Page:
Introduction to Mark
The earliest and shortest of the gospels, Mark’s version of the Jesus story lacks the polish of Matthew with his five sermons/discourses or of Luke with his extended journey to Jerusalem. It also lacks any infancy story or, in its original version, any post-resurrection appearance. (Its brevity explains why on many Sundays John is read instead.).
Written for an ordinary, working-class audience in Rome, one caught in an often-exploitative society, it is a series of episodes about a working-class man who faithfully answers God’s call and finds himself working deeds of power and speaki ng words of challenge, for “with God all things are possible.”
Introduction to Advent
People often wonder why we hear so little during Advent about the events leading up to Jesus’s birth. The answer is that event is only one of his advents or comings. The first Sunday calls us to ponder how we will greet him when he comes again. The second and third describe how the people of his own day reacted to John the Forerunner who prepared them for his message—and make us ask how we would respond to his coming to us now. What needs to change in our hearts and our lives? The fourth Sunday tells us that only those with deep faith can help Christ come into the world—often in unexpected ways.
1st Sunday in Advent
Background: Year B of the liturgical year begins where Year A ended. Once again, we are called to lift up our eyes from the busy-ness of our daily concerns and to put things in their final perspective as we hear part of Mark’s “eschatological discourse.”
- What task has Jesus entrusted you to carry out for him in your personal life?
- What task has Jesus entrusted to you to carry out in our society?
- What task has Jesus entrusted to you to carry out in our Church?
- When do you find Christ strengthening you?
Practice: Discuss with your family or friends what would be a more Christ-like way to celebrate Christmas this year.
2nd Sunday in Advent
Background: John the Forerunner announces that Jesus has already come to straighten things up, to bring a world where justice will be at home. Yet our reaction should not just be fear but a sense of comfort and joy, for he is coming not just to forgive our failings but to bring each of us a new spirit of power.
- What change does the Spirit need to help you make in your own life?
- What change does the Spirit need to make in society for justice truly to make its home here?
- In what ways can the Church help in making our world more just?
- When has Jesus comforted you and carried in his arms like a lamb?
Practice: Christmas can be too much about “things.” Yet John the Forerunner prepares for Christ’s coming by leading a radically simplified life. Once again, how will you and yours “declutter” Christmas this year?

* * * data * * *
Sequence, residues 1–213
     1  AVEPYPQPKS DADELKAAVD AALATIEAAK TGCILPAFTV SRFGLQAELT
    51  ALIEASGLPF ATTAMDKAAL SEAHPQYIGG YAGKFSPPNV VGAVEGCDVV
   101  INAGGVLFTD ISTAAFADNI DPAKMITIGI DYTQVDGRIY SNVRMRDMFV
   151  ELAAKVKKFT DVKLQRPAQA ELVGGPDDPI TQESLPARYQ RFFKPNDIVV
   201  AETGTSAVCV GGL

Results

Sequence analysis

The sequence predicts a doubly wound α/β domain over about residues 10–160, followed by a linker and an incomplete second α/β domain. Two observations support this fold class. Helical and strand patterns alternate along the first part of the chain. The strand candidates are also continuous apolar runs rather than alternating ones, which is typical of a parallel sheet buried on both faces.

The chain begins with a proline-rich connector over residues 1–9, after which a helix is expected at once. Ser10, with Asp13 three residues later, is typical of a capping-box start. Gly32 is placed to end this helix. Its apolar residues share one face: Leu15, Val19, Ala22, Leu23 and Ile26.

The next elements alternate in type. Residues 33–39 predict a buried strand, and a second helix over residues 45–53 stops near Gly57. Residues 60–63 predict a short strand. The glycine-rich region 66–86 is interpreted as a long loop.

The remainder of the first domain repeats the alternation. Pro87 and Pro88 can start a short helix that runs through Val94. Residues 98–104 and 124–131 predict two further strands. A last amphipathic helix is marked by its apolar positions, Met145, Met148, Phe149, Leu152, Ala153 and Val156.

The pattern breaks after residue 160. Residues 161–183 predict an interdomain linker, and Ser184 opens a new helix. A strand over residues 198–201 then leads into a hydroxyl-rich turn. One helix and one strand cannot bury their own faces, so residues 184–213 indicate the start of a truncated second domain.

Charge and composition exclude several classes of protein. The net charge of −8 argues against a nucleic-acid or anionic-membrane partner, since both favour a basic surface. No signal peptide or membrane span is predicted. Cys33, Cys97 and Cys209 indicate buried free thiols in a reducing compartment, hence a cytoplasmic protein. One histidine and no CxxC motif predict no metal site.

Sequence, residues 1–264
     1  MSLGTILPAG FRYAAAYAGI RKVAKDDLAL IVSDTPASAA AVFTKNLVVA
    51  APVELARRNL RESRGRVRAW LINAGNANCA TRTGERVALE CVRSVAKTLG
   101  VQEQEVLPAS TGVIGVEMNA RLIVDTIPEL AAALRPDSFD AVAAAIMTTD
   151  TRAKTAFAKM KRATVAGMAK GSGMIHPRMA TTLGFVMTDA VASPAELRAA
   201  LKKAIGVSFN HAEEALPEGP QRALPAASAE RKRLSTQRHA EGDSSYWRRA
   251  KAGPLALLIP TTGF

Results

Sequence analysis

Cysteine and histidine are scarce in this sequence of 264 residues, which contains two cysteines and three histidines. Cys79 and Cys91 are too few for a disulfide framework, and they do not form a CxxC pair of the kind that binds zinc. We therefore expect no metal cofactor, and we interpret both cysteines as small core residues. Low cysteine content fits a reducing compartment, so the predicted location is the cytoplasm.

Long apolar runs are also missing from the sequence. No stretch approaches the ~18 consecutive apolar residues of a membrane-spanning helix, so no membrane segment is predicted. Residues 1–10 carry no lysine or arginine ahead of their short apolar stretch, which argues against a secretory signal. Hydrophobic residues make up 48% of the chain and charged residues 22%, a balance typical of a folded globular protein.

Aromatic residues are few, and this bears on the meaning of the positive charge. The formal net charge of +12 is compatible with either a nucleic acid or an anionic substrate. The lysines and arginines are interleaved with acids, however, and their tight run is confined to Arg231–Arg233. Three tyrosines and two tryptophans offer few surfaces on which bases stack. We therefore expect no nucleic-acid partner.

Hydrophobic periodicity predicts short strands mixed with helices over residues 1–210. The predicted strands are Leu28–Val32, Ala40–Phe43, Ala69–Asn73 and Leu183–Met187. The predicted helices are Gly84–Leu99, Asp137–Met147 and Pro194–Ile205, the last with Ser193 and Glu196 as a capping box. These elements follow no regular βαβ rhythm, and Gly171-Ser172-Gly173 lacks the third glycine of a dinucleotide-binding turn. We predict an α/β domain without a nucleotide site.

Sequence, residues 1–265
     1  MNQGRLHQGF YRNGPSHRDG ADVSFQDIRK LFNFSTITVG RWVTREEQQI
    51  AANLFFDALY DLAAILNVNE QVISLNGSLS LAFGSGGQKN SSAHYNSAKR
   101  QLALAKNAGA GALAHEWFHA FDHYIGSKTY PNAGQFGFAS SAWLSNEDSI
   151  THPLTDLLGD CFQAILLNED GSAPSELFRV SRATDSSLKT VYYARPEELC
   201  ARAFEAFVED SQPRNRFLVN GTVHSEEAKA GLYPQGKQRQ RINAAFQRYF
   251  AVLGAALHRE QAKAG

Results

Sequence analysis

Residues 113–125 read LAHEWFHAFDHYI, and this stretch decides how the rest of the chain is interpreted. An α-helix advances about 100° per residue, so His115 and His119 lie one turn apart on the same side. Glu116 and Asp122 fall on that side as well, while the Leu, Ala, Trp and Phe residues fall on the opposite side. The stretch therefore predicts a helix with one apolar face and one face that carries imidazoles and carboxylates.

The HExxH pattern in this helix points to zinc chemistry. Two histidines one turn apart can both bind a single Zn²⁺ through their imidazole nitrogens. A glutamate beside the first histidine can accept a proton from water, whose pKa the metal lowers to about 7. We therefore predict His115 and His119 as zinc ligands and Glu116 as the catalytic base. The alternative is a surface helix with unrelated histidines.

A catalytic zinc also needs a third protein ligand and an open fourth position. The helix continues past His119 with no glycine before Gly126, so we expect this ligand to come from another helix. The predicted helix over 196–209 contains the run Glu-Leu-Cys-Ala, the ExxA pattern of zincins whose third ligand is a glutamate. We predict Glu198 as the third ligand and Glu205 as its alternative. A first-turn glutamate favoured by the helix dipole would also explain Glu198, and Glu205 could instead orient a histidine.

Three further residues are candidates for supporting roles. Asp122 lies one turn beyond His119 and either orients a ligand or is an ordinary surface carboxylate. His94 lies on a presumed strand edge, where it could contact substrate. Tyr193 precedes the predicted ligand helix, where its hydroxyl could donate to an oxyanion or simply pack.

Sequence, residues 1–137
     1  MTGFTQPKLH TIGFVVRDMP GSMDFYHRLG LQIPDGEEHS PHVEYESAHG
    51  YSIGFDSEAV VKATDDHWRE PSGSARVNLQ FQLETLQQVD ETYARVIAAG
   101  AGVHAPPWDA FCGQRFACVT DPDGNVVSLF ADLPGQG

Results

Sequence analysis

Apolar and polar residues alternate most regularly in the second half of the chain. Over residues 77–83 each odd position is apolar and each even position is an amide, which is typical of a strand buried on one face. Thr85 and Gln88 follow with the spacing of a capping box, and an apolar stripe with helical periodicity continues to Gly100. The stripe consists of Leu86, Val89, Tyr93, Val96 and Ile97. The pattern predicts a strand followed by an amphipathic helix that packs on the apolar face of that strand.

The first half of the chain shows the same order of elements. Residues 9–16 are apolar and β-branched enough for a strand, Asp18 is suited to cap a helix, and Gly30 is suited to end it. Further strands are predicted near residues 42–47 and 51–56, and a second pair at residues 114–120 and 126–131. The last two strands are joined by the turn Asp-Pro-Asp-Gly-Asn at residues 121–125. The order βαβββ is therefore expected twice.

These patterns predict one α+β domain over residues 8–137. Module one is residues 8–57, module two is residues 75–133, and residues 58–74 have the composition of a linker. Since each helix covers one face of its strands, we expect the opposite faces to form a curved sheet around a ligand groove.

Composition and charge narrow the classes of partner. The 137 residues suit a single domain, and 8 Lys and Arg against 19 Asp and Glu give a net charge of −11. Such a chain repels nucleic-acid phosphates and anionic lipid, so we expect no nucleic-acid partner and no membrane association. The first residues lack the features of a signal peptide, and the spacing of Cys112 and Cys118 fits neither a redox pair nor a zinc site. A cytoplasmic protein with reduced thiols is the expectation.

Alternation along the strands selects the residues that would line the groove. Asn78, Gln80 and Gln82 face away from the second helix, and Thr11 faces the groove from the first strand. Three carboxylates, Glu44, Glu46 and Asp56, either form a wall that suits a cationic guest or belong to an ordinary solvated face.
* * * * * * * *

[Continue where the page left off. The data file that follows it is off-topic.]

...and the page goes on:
3rd Sunday in Advent
Background: Jesus comes to us right now as light, revealing to us our true selves so that, by our deeds of love, we can testify/bear witness to that light already shining among us.
- Where and when do you think that you do a good job of bearing witness to Jesus?
- What is keeping his light from shining more brightly through you to others?
- How do you bring glad tidings to the lowly? Healing to the brokenhearted? Or do you run from challenging situations?
- How can we as church do a better job of bringing glad tidings to the lowly?
Practice: If you have figured out how to “declutter” Christmas, where are you and yours going to volunteer this year? A canned food drive? A clothing drive? A soup kitchen?
4th Sunday in Advent
Background: At last we hear a story about the events surrounding the birth of the Child, but it is not what we were expecting if we look at the details. Luke’s annunciation story does not sentimentalize the event. A teenage girl from a working-class background is asked to become an unwed mother. The temple in which Jesus comes to dwell is a woman’s womb. And Luke’s readers would have known that the promise that the Child will sit upon David’s throne would be fulfilled when he is hailed as King of the Jews as he hangs upon the cross. It is only through humble and obedient faith that God can change the world.
- How has God’s call and your response already changed your life for the better?
- Did that change end up costing you something?
- What call to obedient faith are you still resisting?
- How do you think our society or church are resisting God’s call? What can you do about that resistance?
Practice:In prayer this week return again and again to Mary’s response: “Let it be done to me according to your will.”
The Holy Family of Jesus, Mary and Joseph
Background: Once again we must not sentimentalize this feast into a celebration of the nuclear family. Rather, we should look at these readings through the perspective of the carol that begins: “I wonder as I wander out under the sky, how Jesus the Savior did come for to die.” Every character in today’s rich stories must be faithful or else God’s redeeming love will not be revealed in our world—often at a cost. Abraham and Sarah must leave their homeland. Mary and Joseph come to offer their Child to God and are told that he will bring discord and judgment as well as peace. Indeed, a sword will pierce his mother’s heart. Christmas happens in our real world, not in some fantasy land.
- How has your trust in Jesus brought division onto your heart or life?
- Where did you find the faith to go on even when life seemed impossible?
- Where does the light of revelation of God’s love shine for you most often? In prayer? In Scripture? In your relationships? In service?
- Which of God’s promises to you are you still hoping will be fulfilled?
Practice: Make Simeon’s song your own as you pray it every day this week. Each day ask yourself how the light was revealed to you that day.